“Meaning” has come to take on what seem to be two very different, well, meanings: on the one hand, it refers to the shared use of linguistic items—if we know what a word or sentence or passage of texts “means,” then we can use or discuss it with other intelligibly; but, of course, “meaning” has also taken on a more ponderous, or pretentious, “existential” sense, as in the “meaning of life”—a phrase that is endlessly parodied but still seem to pass as verbal currency with undiminished value. People still speak unironically about finding meaning in their lives, their work, their relationships, their families, etc. The persistence of such a, strictly speaking, meaningless, term, suggests that it’s signifying something that couldn’t be signified otherwise, and perhaps its continuing power lies in the fact that there is really only one “meaning.” In other words, when someone speaks of a loss of meaning in the “existential” sense, they are really speaking of a loss of meaning in the “literal” sense, i.e., words (and signs more generally) don’t “mean” anymore, they have no shared sense and reference, and so no longer help us find our place in the world.
Meaning is ultimately grounded in ostensivity—to put it crudely, any utterance points at something, tells you what to notice. Even the most abstract theoretical discourse makes some distinction between one way of using a concept and another. Of course, whether that distinction will “mean” something depends upon what the concepts themselves point to, and what whatever they point to points to, and so on. At the end of it we don’t necessarily get to “that guy, over there,” but we get to an ongoing conversation, in which the references can be traced back and held onto by those intensely interested in that conversation. What seems like unintelligible jargon is very often a way of phrasing some claim that has resulted from the cumulative responses to attacks on a dozen previous ways of phrasing it. But for any utterance there needs to be a center of attention for the utterance to make sense, or “mean.” “So, I’ll see you tomorrow at 8” makes perfect sense to the friend you been arranging dinner with; if you said it to a stranger on the subway, it would seem senseless, bizarre, even menacing. You know what each of the individual words means, of course, but if someone said that right out of nowhere you might not even comprehend the actual words—even framing sounds to yourself as meaningful words and sentences requires some preparatory context. And then they would seem like they might have multiple meanings, none of which would be easy to exclude.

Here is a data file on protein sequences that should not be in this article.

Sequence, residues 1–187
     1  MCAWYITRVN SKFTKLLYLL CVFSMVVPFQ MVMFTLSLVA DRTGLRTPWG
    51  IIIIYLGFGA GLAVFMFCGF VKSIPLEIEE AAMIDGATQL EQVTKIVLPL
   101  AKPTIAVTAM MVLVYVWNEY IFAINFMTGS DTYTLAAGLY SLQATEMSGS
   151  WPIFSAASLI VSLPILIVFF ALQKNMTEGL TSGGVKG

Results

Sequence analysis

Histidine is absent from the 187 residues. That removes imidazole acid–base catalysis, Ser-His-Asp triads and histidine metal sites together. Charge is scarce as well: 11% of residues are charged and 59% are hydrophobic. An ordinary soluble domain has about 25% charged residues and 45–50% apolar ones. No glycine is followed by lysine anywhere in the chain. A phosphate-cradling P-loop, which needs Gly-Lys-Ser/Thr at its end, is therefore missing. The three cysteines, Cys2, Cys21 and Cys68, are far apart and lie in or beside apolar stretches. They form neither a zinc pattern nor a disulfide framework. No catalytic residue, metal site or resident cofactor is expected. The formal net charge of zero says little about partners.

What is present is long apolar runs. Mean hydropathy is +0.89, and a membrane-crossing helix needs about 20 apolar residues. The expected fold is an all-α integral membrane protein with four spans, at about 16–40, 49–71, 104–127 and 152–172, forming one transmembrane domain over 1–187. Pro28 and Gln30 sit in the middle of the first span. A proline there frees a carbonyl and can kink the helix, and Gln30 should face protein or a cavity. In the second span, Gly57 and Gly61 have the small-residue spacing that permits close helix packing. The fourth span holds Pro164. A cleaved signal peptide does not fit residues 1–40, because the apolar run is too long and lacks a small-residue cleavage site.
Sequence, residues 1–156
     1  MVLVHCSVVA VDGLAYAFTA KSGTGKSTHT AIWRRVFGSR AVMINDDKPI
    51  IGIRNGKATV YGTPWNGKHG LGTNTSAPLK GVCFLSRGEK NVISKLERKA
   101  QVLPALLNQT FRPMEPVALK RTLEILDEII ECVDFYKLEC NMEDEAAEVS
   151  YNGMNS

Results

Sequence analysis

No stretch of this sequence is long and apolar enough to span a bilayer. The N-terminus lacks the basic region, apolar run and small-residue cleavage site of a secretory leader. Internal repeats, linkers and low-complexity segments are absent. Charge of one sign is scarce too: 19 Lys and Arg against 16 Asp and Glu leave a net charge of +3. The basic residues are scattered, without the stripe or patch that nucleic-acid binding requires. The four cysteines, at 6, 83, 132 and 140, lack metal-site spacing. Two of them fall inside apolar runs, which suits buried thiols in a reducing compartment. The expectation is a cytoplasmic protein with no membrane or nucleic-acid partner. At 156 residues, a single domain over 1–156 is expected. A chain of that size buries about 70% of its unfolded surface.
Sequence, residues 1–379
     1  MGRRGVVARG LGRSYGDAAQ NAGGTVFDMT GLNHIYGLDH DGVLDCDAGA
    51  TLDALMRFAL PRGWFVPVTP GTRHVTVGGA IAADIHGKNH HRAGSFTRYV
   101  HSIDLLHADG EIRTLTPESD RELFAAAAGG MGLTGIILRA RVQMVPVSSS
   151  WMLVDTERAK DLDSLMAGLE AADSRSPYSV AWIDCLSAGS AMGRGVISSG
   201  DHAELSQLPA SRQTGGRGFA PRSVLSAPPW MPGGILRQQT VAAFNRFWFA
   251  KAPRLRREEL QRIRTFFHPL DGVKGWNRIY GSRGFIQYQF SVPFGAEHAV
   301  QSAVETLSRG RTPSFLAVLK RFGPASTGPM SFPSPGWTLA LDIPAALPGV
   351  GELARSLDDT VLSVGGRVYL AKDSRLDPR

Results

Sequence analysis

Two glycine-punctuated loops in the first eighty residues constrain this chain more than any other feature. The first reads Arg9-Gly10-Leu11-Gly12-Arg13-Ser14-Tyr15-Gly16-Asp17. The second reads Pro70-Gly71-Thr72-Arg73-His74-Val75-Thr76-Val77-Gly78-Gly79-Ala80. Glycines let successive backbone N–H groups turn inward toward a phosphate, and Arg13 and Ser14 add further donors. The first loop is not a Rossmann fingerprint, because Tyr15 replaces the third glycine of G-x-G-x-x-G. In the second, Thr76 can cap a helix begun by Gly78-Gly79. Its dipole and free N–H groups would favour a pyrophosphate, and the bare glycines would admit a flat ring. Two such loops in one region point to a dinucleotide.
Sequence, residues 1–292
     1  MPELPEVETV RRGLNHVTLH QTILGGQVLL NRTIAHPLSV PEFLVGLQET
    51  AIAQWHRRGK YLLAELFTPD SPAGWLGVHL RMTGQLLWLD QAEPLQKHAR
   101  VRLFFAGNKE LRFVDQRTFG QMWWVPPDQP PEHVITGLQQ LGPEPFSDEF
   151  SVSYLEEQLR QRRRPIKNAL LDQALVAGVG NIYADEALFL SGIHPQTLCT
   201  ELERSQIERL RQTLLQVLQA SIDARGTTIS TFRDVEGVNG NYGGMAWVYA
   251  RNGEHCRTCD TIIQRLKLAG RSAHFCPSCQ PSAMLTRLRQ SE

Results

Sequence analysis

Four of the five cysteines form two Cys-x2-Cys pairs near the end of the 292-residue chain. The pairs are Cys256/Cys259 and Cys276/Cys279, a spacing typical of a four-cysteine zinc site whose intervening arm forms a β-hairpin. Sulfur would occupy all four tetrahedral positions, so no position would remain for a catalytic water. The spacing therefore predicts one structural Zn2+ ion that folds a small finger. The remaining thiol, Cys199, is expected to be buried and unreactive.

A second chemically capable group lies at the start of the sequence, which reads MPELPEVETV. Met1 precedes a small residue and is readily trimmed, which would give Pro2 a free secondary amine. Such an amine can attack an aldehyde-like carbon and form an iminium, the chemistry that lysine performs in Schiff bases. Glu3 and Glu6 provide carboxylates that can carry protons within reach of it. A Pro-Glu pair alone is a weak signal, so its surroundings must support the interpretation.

So, a lot needs to be in place for utterances to “mean”: a language, perhaps a particular dialect, a slang, but also a community, an institution, and a history of all of these things. The converse, then, is also true: when utterances “mean” consistently, it means that all of those things are in place. If all those things—a language, a community, a family, an institution, a vocation, and ways of thinking about all these things that don’t insult our morals and intelligence—are all we want, then all we want is for all of the linguistic acts we perform and witness to mean. The things we associate with an existential lack of meaning—a purposeless job, a lack of understanding within one’s family, alienation from the morals and (no longer) shared purposes of one’s community—really come down to signs that don’t find their way to ostensives. The “sense” of a job is an activity in which you earn your living by doing some work of value to others; the “sense” of family is a privileged space of love, affection, solidarity and the transmission of a heritage to the next generation—but these words have no “referents” in your actual job and family. Words like “job” and “family,” and other associated ones like “love” and “purpose” literally don’t mean anything, or perhaps, sinisterly, mean the opposite of what they are supposed to.